A localized fire is a fire which in a compartment is unlikely to reach flash-over and uniform temperature distribution. Designing for localized fires is generally more difficult than for flash-over compartment fires because of the complexity of the problem. There is also a lack of experimental data. We report here on a full scale test series on a steel column exposed to localized fires. The setup is a 6 meters tall hollow circular column, ϕ = 200 mm with a steel thickness of 10 mm. The unloaded column was hanging centrally above different pool fires. Temperatures of gas and steel were measured by thermocouples, and adiabatic surface temperatures at the steel surface were measured by plate thermometers of various designs. The results are compared with estimates based on Eurocode 1991-1-2 which in all cases studied overestimate the thermal impact for this setup. The input from plate thermometers was used to compute the steel temperatures using finite element methods. Excellent agreement was found if the radiation exchange within the column due to asymmetry of the exposure was taken into account.
This study aims to propose strategies to address the identified major barriers for giving the public open access to government data. The study adopts fuzzy analytical…
This study aims to propose strategies to address the identified major barriers for giving the public open access to government data. The study adopts fuzzy analytical hierarchy process and technique for order performance by similarity to ideal solution (AHP-TOPSIS) to weigh the barriers and strategies, and it subsequently involves experts to identify and weigh the barriers and strategies. A case of Indonesia is used to contextualize the study.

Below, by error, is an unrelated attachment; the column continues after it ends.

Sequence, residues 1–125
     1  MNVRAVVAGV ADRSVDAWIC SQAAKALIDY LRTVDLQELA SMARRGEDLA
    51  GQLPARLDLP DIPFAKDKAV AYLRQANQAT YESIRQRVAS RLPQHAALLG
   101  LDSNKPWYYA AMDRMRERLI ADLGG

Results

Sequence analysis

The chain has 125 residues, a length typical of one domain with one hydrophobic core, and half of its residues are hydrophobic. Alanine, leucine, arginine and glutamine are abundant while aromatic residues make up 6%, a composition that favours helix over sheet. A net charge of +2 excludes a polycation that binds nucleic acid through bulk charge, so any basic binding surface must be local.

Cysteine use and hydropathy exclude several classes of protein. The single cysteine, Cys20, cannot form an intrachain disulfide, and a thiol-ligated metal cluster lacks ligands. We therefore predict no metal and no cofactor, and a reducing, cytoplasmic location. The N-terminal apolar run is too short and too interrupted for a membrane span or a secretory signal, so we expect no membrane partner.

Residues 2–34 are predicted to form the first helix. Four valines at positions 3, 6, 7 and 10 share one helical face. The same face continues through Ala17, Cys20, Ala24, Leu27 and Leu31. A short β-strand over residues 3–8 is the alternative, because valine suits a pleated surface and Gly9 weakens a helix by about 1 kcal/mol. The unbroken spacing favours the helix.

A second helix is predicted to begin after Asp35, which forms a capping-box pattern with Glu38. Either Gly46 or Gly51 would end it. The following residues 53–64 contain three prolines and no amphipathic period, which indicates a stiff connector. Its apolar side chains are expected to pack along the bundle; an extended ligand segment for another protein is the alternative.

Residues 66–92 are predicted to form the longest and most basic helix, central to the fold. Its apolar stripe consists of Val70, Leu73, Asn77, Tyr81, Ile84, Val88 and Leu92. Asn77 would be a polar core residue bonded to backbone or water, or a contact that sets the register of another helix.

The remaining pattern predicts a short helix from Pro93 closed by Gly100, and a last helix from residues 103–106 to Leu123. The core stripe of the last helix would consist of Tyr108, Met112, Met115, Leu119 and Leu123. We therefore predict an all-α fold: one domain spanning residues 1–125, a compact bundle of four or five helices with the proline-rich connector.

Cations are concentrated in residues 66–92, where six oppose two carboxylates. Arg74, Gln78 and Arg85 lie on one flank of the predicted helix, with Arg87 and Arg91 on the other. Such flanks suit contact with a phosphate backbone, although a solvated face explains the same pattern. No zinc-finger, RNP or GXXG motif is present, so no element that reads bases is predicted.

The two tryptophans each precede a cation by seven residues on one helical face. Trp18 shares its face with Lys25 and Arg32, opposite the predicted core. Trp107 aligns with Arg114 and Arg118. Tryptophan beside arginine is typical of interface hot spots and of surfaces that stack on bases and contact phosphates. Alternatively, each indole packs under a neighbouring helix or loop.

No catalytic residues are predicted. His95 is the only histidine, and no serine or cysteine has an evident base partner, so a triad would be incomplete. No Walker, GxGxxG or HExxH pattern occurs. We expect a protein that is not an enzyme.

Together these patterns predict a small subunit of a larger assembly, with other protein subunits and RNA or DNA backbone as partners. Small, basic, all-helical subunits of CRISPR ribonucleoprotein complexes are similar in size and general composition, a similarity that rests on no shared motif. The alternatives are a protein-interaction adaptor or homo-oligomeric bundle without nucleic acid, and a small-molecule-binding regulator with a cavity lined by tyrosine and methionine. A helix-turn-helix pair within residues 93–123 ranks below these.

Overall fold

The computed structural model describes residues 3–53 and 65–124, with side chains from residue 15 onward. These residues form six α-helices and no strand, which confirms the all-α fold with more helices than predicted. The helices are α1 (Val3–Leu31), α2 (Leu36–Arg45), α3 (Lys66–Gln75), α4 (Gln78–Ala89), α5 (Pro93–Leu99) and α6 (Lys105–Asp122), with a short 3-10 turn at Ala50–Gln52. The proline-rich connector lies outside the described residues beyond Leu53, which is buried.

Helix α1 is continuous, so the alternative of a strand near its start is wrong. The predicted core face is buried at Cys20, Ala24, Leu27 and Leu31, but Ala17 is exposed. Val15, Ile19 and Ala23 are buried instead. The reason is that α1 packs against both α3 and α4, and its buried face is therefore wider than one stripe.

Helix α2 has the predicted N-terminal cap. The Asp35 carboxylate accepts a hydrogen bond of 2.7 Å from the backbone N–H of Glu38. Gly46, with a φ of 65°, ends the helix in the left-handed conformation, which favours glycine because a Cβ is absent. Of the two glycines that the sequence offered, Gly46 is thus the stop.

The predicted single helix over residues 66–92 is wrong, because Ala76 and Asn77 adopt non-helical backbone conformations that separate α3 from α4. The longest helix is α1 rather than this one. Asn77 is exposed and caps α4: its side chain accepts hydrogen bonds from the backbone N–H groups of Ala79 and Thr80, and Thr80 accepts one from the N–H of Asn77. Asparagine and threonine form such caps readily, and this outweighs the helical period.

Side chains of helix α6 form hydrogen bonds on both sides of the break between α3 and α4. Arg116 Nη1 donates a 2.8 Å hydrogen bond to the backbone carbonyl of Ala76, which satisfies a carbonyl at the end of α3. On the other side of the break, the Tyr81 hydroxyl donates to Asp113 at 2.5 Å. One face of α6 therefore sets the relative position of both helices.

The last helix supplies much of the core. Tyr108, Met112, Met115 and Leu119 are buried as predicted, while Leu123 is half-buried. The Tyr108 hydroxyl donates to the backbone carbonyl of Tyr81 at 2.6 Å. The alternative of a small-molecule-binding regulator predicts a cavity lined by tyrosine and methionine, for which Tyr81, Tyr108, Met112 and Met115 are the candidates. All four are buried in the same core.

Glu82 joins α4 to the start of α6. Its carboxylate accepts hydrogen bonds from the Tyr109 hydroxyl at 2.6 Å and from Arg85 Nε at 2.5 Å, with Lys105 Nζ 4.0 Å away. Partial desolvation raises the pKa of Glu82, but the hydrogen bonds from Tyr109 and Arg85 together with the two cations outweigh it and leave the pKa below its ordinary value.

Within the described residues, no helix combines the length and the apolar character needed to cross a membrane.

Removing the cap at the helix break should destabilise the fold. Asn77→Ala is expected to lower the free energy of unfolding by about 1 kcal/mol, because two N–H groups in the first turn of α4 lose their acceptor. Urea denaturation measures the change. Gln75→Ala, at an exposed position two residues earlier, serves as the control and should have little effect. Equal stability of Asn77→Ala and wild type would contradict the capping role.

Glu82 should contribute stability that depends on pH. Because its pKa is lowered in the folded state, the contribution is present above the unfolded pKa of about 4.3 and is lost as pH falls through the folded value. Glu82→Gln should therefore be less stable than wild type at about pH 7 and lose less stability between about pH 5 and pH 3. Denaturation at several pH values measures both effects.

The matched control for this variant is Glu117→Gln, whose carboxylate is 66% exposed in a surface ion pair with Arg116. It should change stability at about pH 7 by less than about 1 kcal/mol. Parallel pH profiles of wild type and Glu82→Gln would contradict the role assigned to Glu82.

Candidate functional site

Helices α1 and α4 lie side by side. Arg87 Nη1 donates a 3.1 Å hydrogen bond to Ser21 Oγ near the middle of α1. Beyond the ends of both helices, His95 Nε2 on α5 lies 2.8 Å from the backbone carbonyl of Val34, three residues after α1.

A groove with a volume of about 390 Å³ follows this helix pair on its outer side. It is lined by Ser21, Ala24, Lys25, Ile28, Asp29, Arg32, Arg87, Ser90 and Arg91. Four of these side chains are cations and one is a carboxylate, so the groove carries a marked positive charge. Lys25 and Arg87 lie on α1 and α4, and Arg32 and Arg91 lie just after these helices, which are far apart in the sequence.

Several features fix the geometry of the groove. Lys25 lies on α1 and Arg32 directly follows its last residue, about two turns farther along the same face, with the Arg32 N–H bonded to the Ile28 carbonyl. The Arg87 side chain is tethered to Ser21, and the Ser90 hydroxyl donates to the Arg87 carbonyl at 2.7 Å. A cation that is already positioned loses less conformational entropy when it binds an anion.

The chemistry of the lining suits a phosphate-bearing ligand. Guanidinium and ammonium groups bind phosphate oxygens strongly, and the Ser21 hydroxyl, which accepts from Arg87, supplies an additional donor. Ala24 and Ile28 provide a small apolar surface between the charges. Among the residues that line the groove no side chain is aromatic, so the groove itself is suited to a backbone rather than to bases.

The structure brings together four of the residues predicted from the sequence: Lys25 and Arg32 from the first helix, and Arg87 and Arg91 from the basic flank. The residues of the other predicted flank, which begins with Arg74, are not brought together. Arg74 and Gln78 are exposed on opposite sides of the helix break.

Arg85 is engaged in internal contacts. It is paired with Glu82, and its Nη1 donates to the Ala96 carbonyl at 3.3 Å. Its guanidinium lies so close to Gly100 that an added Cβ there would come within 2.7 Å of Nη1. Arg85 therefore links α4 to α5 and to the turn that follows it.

The data were collected using fuzzy AHP-TOPSIS-based questionnaires given to several government representatives who had been working with data and information. The respondents were given sets of pairwise comparisons of which they were asked to compare the level of importance using one to nine fuzzy numbers between barriers and strategies. The data were then calculated using the fuzzy AHP-TOPSIS formula to obtain each weight of the barriers and strategies. The weight is used to prioritize the barrier and strategies.
In total, five barrier categories in the order of importance, namely, legal and privacy; government culture; social; technical; and economic, were identified from 27 barriers. In total, ten strategies of open government data (OGD) adoption were identified and ranked in the order of importance, and they can be grouped into five priorities. Priority 1 is to involve stakeholders in OGD planning and establish an OGD competence center. Priority 2 is to develop a legal compliance framework. Priority 3 is to adopt OGD gradually. Priority 4 is to create a collaboration feature on the portal for stakeholder communication and raise public awareness of OGD. Priority 5, finally, is to conduct training for government officials, develop standard operating practice for OGD management, use standard data formats and provide metadata.
This study provides a perspective from the government’s view. One suggestion for future research is to conduct a study from the public’s perspective to formulate strategies based on the identified citizens’ barriers in using OGD. In addition, cross-country (of different characteristics) studies were required to generalize the findings.
The first strategy of the first priority implies that government institutions should be able to develop a preliminary plan to involve relevant stakeholders in OGD planning, which includes identifying relevant stakeholders and continuously engaging them to participate in the planning phase of OGD. The second strategy in the first priority entails that government institutions should realize an OGD competence center by creating a virtual team whose members are from various backgrounds and who are very knowledgeable about OGD and how to manage OGD in government institutions.
This research provides key strategies to address the main barriers to giving the public open access to government data.